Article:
In 1971, a 27-year-old, 456-pound man went to his local university department of medicine to get advice on how to lose weight. Their response was startling but simple: stop eating altogether. While most people would look aghast and think the doctors were nuts, this guy was desperate enough to give it a try. His results over the ensuing weeks were so dramatic that he decided to prolong the fasting deprivation—for more than a year! He ate nothing but vitamins, non-caloric fluids, and yeast for a whopping 382 days. He lost 276 pounds and gained himself a spot in the Guinness Book of World Records. What’s more, he did so with no ill health effects. When the doctors checked back in on him five years later, he had gained back only about 15 pounds.
Although parts of the report seem unbelievable, and the period of fasting is obviously extreme, this dramatic anecdote highlights a very important point. Sometimes, extreme situations call for extreme actions. If you are obese and are suffering from any of the many obesity associated diseases, I can assure you that extreme measures are warranted. It also helps us refine the definition of what “extreme” is when talking about weight loss. Cutting out a piece of your stomach and stretch of large intestines is no longer considered extreme but I would argue it is far more risky than not eating for a year.
Types of intermittent fasting diets:
Alternate-day fasting: Subjects eat every other day. For humans, non eating days typically consist of one small meal of around 500 calories, amounting to a dietary energy reduction of approximately 65- 80%.
5:2 diet: A person eats five days of the week and abstains from eating the other two (for example eating on Monday, Wednesday, Friday, Saturday, and Sunday and fasting on Tuesday and Thursday)—save for one small, 500-calorie meal on fasting days (cutting dietary energy by about 65- 80% on those days).
Time-restricted feeding: Calories are not restricted, and dietary composition is not altered. But eating is confined to a window of typically 8, 10, or 12 hours per day.
The theory that drives this weight loss strategy is the fact that for the vast majority of human history humans did not have access to food on a daily basis. Food intake happened in spurts following the harvest season or a successful hunt followed by periods of abstinence. Food was also not all that plentiful and took a tremendous amount of work to acquire. It was less calorie dense as well. People thus ate less and not every day. Remember most of humanity was destitute for much of human history. It is only in recent history that there has been an abundant and seemingly never ending supply of food that is cheap and easy to acquire.
This fact has led to the hypothesis that since our bodies are designed for an environment of scarcity they are therefore ill equipped to deal with a constant intake of calories. By restoring what would be a more natural pattern of intake we can avoid all the metabolic derangements caused by daily over eating.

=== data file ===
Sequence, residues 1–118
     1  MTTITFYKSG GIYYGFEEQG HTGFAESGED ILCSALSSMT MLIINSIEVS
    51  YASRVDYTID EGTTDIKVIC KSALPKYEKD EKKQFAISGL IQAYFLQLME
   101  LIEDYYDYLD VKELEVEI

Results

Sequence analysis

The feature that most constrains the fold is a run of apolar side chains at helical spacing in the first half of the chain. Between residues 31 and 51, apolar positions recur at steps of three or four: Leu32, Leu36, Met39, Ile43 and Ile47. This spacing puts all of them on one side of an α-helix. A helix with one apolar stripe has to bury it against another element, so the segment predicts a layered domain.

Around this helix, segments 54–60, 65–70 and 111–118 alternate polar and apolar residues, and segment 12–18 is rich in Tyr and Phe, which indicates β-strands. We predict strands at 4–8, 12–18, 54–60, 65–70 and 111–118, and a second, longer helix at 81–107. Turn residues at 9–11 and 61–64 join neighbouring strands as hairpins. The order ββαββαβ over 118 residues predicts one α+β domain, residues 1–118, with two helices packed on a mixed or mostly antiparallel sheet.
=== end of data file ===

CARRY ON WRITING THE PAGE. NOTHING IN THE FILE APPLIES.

This certainly sounds like many of the other fads that have a seemingly plausible theoretical foundation but no real scientific support (e.g. paleo, keto, etc). As the body of scientific literature around fasting has grown, results have been cherry-picked and molded into fad diets that promise weight loss, increased energy, better sleep, and a variety of other benefits to human adherents—some with more evidence backing than others. As books of dubious scientific merit extolling the virtues of fasting fill the shelves, serious researchers continue to probe the genetic, immunologic, and metabolic dynamics that occur in fasting animals to separate hype from reality. There happens to be a tremendous amount of research showing the potential for significant health benefits to this pattern of eating.
Mechanistic explanations for the benefits of intermittent fasting include the following:
- The body uses fats for energy during fasting, reducing adipose mass and resulting in a small, long-term reduction in risk after each fasting episode
- Nutritional stress during periods of fasting, at least in part, results in cellular-level repairs, functional optimization, and metabolic rejuvenation that may improve long-term health by reducing cardiovascular risk factors and acting on the metabolism of glucose. In some animal models, intermittent fasting is at least as good as other diets at improving markers of metabolic health.
A Review in 2017 identified nine trials of modified fasting in humans with sample sizes ranged from 10 to 107 adults, all of whom were overweight or obese. The duration of the fasting interventions ranged from 2 to 6 months. Overall, 7 of 9 studies (78%) reported statistically significant weight loss, which ranged from 3.2% in comparison with a control group during a 12-week period to 8.0% in a one-arm trial during an 8-week period. Three of six studies found significant decreases in fasting insulin, and one found reductions in fasting glucose. Three of eight studies found significant improvements in circulating LDL cholesterol or triglycerides. Three of six studies found significant improvements in inflammatory markers, including C-reactive protein, tumor necrosis factor-α, adiponectin, leptin, and brain-derived neurotrophic factor (BDNF).